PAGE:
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Man-made Natural Disasters
By Kevin Filan

The Halifax Explosion


The crew of the French freighter Mont Blanc tried desperately to avert a collision as the Imo, a Norwegian tramp steamer, edged closer. Both ships reversed their engines, but to no avail. The Imo struck the smaller vessel, gouging a wedge in the Mont Blanc and sending a shower of sparks onto its deck. A fire began on the Mont Blanc's deck, and its crew dove into the icy Halifax waters. An ever-growing crowd watched in fascination as the burning ship drifted toward Pier 6. Firefighting boats steered their way to the Mont Blanc, as onshore the city's firefighters raced to the scene.

Nova Scotia is Anglophone Canada, so no one understood why the French-speaking sailors appeared so frantic. Unbeknownst to the people milling on the docks, the Mont Blanc was carrying munitions for the war effort. Its cargo included 200 tons of TNT, 2300 tons of picric acid, 61 tons of gun cotton in the lower hold, and 35 tons of highly flammable Benzyl, stored in barrels on the upper deck. At 9:05 am on December 6, 1917, the flaming benzyl reached the hold and ignited the cargo, setting off the largest man-made non-nuclear explosion of all time.

Approximately 1,600 people died instantly as the Mont Blanc erupted into a pillar of flame, smoke and ash. Fifty miles away windows shattered: the ship's half-ton anchor would later be found in a forested area two miles from the harbor. A tugboat sailing toward the Mont Blanc was blown into the air and thrown aground: Pier 6 disintegrated into a shower of splinters. The Imo's captain was found at his post, his head torn off by a flying shard; all hands above deck were killed in the blast. Many who had been watching the fire from their homes were blinded by flying glass; others were drowned in the tidal wave which for a moment revealed the harbor's bottom, or perished in the fires which burned throughout the city.

As the water receded a rain of heavy black soot, the remains of the Mont Blanc's cargo, fell on the survivors. Bodies and wounded were piled onto any available vehicle and loaded into any buildings which were still standing. Tents were erected to provide shelter for those made homeless by the blast, and a US Hospital ship which had sustained minimal damage, Old Colony, was pressed into service to treat the many injured. Things went from bad to worse when a winter blizzard blanketed the ruins with snow and hindered relief efforts.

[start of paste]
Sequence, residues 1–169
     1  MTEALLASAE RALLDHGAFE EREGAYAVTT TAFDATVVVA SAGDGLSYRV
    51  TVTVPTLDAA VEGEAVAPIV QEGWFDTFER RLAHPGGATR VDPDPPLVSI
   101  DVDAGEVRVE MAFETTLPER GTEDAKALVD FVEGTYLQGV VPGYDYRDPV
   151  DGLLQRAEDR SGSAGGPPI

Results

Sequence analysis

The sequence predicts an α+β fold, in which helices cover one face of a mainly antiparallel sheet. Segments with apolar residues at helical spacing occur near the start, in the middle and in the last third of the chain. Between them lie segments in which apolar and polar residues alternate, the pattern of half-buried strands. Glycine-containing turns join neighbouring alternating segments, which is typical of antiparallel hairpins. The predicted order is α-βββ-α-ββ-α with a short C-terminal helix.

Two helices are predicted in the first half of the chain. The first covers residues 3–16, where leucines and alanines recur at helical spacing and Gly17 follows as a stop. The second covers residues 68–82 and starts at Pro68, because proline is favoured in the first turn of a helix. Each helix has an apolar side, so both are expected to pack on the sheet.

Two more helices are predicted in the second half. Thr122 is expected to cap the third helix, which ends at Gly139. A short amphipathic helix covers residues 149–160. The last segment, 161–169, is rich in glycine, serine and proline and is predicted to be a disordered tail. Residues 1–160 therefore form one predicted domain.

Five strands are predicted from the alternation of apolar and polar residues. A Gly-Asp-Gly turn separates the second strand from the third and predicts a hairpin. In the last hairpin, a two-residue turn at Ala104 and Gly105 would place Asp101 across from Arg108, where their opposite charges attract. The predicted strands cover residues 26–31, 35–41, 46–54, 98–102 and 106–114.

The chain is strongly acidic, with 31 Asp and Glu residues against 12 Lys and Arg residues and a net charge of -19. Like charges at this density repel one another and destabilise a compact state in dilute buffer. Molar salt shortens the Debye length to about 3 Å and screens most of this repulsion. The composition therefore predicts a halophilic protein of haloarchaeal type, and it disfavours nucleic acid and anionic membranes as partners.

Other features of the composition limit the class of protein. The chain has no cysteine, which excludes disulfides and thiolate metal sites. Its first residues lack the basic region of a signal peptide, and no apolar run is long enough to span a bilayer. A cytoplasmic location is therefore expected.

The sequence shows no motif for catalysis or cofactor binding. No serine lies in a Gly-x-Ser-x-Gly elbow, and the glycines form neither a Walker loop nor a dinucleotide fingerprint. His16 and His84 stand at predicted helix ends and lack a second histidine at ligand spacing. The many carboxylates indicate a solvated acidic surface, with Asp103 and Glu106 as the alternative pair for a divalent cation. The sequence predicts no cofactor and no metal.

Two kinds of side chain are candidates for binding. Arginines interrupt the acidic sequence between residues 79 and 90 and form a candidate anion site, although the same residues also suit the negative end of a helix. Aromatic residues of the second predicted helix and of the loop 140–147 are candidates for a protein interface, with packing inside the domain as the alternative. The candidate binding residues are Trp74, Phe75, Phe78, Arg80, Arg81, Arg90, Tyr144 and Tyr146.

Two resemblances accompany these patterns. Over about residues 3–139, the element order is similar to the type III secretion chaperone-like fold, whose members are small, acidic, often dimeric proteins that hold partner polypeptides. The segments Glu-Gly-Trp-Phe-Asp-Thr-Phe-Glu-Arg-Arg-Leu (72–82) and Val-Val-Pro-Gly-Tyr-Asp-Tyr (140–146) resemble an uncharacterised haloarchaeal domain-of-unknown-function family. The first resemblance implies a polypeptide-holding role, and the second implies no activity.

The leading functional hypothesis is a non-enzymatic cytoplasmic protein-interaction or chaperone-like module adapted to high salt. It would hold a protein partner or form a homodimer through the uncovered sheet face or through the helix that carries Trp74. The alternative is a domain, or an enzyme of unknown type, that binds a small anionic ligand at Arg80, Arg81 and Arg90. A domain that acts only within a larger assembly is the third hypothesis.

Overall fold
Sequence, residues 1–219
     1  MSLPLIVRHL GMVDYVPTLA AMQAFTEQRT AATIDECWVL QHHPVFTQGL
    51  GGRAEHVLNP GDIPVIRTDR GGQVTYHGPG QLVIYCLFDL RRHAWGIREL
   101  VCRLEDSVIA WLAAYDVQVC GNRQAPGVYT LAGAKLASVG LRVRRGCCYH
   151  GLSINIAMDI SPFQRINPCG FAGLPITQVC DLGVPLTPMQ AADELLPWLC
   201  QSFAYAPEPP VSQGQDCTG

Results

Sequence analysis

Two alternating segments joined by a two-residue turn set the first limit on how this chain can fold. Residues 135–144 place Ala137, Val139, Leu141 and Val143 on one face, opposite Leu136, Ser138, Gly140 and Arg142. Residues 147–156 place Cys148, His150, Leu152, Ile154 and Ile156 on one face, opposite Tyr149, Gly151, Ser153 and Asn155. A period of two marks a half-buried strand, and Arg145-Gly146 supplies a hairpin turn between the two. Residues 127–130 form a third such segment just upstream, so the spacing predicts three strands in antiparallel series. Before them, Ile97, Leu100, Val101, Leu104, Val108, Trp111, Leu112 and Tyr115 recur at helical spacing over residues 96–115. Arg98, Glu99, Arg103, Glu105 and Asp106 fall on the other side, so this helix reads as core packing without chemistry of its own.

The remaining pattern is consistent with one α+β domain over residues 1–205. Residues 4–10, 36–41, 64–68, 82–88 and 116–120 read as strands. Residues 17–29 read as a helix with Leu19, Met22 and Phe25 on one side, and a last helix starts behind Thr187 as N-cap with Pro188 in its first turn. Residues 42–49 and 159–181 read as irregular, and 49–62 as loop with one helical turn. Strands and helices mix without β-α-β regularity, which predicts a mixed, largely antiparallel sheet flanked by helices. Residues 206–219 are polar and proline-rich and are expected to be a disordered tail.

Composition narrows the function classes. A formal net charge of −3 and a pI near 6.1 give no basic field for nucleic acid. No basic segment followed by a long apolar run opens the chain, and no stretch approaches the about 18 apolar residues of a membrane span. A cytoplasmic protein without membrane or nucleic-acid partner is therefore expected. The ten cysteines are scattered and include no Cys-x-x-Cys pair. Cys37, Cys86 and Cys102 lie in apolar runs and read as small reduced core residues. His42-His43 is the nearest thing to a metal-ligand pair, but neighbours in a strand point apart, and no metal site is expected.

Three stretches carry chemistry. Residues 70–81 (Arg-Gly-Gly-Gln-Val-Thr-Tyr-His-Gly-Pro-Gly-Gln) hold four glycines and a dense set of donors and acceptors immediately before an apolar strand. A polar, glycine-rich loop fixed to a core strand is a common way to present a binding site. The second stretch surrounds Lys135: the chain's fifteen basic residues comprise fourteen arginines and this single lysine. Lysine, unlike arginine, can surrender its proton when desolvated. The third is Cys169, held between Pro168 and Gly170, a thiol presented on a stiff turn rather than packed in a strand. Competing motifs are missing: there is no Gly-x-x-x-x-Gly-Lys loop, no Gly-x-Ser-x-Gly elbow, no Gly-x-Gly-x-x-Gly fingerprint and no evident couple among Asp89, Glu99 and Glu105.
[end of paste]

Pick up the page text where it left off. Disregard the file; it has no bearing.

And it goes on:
As the storm lifted the scope of the disaster became apparent. The city's North End, a residential working-class neighborhood, suffered the brunt of the damage. 750 homes were damaged and another 9,000 required repair. The Protestant Orphanage was levelled, killing 27 children: the city's hospital had lost its roof. 5 square kilometers of Halifax were demolished by the explosion, 21 percent of Halifax's population was either dead or injured and one of the Allies' major ports was rendered inoperable. Aid began pouring in from around the world. Great Britain sent $1 million, with the Lord High Mayor of London contributing $600,000; Australia, Turkey and Jamaica were among the other countries sending aid. The city of Boston was particularly generous, sending medical personnel, supplies, and money to aid the victims of the disaster. (To this day the City of Halifax annually sends Boston its Christmas tree in gratitude).

Inquiries were held, but it was unclear who was to blame for the explosion. The Imo's survivors claimed they had veered toward the Mont Blanc to avoid other oncoming vessels; the Mont Blanc's crew claimed they had difficulties communicating with English-speaking harbor pilots. In the end it was difficult to piece together what had happened because so many of the participants were dead. The effects of the blast would be felt for years to come. In the chaos which followed the disaster, many children lost one or both parents - and many parents lost children, as unauthorized adoptions of unidentified babies and toddlers led to decades of uncertainty and misery for many bereaved parents.

Still, the Halifax which arose from the wreckage was improved in many ways. The Halifax of 1917 had been a grimy industrial town, with poor sanitation and minimal public health regulation. The money spent on relief efforts ensured that post-explosion Halifax would have what one authority called "the finest public program and most complete public health organization in the Dominion." Halifax became a laboratory for various city planners; the "Hydrostone" dwellings erected to replace destroyed rowhouses are still home to the children and grandchildren of those who survived the blast.


 

 


Mike Doughty



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